Results 1 to 18 of 18

Thread: 'would have' or 'would of'?

  1. #1

    Join Date
    Jan 2008
    Location
    Country Victoria
    Posts
    1,991

    Question 'would have' or 'would of'?

    Please help me.

    Is it:

    'would have' or 'would of'

    'should have' or 'should of'

    As in 'it would ..... been great' or 'it should ..... been in Winter'



    Does it depend on the sentence?

  2. #2

    Join Date
    Feb 2009
    Location
    Blue Mountains
    Posts
    266

    Default

    I think 'should/would have' is correct... seems to make more sense

  3. #3

    Join Date
    Jun 2008
    Location
    in the eye of a toddler tornado
    Posts
    2,450

    Default

    I'm pretty sure that it's always "would have" or "should have" and that 'would of'/ 'should of' aren't grammatically correct....

  4. #4

    Join Date
    Dec 2009
    Location
    SE Queensland
    Posts
    467

    Default

    Yep 'would have or would've' or ' should have or should' ve'.

  5. #5

    Join Date
    Dec 2006
    Location
    In my own private paradise
    Posts
    15,272

    Default

    i'm pretty sure it's "have". the "of" just comes from our laziness in forming words when speaking. i can't think of any context off the top of my head where should of/would of makes sense

  6. #6

    Default

    Quote Originally Posted by briggsy's girl View Post
    i'm pretty sure it's "have". the "of" just comes from our laziness in forming words when speaking. i can't think of any context off the top of my head where should of/would of makes sense
    :yeahthat: Of is just the lazy version

  7. #7

    Join Date
    Dec 2008
    Posts
    8,986

    Default

    It's have! Never of! Or you can write should've or would've.

  8. #8

    Join Date
    Apr 2010
    Location
    WA
    Posts
    457

    Default

    I think its one of those strange language things, not necessarily laziness. If you say would've or should've outloud they really sound like would of and should of, and since language is taught verbally much more than written, its just been "adapted" over time.
    In saying that, "of" isn't correct, The word should is an auxillary verb indictaing obligation to carry out the verb that follows. Of is not a verb and therefore "should of" just doesn't work gramatically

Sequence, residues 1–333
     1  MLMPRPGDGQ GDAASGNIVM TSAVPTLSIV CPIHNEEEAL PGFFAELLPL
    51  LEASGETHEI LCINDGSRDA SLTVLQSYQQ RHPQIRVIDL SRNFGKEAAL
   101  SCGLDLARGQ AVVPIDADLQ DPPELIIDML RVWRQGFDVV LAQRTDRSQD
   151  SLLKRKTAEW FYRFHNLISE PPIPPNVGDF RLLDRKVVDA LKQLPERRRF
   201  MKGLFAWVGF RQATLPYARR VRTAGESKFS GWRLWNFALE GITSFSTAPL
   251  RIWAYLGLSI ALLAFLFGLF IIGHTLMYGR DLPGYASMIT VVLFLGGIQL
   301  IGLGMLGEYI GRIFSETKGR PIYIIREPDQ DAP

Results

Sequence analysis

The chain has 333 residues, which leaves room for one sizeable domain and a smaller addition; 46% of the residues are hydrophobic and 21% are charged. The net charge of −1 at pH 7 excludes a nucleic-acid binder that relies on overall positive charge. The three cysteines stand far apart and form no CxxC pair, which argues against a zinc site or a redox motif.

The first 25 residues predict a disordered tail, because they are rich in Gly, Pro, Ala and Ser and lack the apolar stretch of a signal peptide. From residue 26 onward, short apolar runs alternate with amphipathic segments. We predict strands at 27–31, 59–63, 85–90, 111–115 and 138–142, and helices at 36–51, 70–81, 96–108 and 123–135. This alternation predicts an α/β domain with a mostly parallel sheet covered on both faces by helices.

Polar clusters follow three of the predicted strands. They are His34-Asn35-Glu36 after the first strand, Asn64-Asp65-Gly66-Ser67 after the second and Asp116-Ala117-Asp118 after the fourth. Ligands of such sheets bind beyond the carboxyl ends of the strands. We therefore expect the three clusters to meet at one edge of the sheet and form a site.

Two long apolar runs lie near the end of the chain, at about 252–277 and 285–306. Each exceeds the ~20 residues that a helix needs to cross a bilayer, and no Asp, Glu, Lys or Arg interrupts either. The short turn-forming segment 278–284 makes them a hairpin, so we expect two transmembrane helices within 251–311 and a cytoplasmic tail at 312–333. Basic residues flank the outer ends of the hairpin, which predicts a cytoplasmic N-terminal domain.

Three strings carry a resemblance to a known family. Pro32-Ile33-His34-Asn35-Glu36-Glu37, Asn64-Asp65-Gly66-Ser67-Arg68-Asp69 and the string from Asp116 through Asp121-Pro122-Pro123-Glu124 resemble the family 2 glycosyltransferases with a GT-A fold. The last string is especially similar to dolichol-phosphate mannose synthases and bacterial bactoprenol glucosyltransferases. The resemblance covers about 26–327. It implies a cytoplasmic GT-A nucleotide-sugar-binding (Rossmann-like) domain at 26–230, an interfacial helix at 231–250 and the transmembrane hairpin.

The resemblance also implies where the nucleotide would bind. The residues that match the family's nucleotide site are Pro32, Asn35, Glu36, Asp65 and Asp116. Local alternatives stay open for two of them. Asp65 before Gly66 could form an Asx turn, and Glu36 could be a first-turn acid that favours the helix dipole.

"Of" is a preposition not a verb.

    On a completely different note, the words should and would are not very helpful in many ways. I spoke to counsellor the other day who works with young people dying of terminal illness, usually cancer. His colleague has a poster he gives to his clients which reads "I will not should myself today". Sometimes the "shoulds" expressed on the forum get me down too. Especially in terms of parenting which has a million different answers and rarely any definites with a couple of exceptions like "You should not put coke in a baby's bottle" Anyway very philosophical thism morning.

    You should use have lol!
    Last edited by PollyA; December 28th, 2010 at 08:53 AM. Reason: added detail and philosophical tangent

  9. #9

    Join Date
    Dec 2007
    Posts
    1,794

    Default

    Quote Originally Posted by PollyA View Post
    I think its one of those strange language things, not necessarily laziness. If you say would've or should've outloud they really sound like would of and should of, and since language is taught verbally much more than written, its just been "adapted" over time.
    I am sorry, but I disagree with this. Yes, it is how it sounds when said verbally, but we should still be teaching the correct written grammer to our children (or peers who are learning English, or how to read/write etc). I don't think it has been adapted as a correct form of grammer.

  10. #10

    Join Date
    Jan 2008
    Location
    Country Victoria
    Posts
    1,991

    Default

    Quote Originally Posted by lissy View Post
    Yep 'would have or would've' or ' should have or should' ve'.
    Ohh that makes so much sense, for some reason this always gets me! Now that I have burnt the 've in my memory I should remember.

    Quote Originally Posted by briggsy's girl View Post
    i'm pretty sure it's "have". the "of" just comes from our laziness in forming words when speaking. i can't think of any context off the top of my head where should of/would of makes sense
    I had a feeling that the 'of' was from being lazy but as I said above, it always gets me so I refuse to type it at all